An Instrument to Predict Endoscopy Tolerance: A Prospective Randomized Study
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Our purpose in this study was to determine if the use of an instrument developed by our group to direct sedation choice improves patient satisfaction with endoscopy sedation compared to standard sedation practice. After 200 enrollments, data were available for 194 patients who completed the study. There were nine cases of dissatisfaction: five (5%) in the control group and four (4%) in the intervention group (P = 0.78). The 95% confidence intervals (1%–10%) were almost identical, indicating no difference between groups. The study was stopped after an interim analysis showed no significant difference in satisfaction between the groups. This could have been because the assumption that patients with increased risk of dissatisfaction do better with deeper sedation is incorrect. Another explanation could be the increased awareness of the value of benzodiazepines in endoscopy. Consistent with our findings, nervousness rather than pain predicted dissatisfaction, and the optimal use of anxiolytics with amnesic properties may be comparable to that of propofol.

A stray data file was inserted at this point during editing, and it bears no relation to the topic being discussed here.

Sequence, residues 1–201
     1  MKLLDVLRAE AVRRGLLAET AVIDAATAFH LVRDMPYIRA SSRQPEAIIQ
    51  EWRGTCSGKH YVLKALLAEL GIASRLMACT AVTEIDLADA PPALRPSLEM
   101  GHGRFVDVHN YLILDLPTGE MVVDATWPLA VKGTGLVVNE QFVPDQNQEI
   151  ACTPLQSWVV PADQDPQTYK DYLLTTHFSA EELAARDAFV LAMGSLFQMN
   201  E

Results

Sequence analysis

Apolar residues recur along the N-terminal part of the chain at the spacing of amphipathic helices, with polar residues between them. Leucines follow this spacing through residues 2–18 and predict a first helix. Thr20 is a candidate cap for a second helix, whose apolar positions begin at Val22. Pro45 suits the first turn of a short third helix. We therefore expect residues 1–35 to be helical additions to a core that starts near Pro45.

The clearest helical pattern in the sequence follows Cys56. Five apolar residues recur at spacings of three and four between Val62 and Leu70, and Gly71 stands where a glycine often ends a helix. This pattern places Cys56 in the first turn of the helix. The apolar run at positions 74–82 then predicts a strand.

KeywordsEndoscopy Outcome Sedation Satisfaction
This work was supported, in part, by a generous 2-year grant from the American Society for Gastrointestinal Endoscopy (ASGE). Special thanks go to Dr. Edwin A. Bowe, Jr., and the faculty of the Anesthesia Department, University of Kentucky, for their invaluable collaboration, which made this study possible. We thank our study coordinators, Sylvia Nicholson and Sarah Turner, for their hard work.
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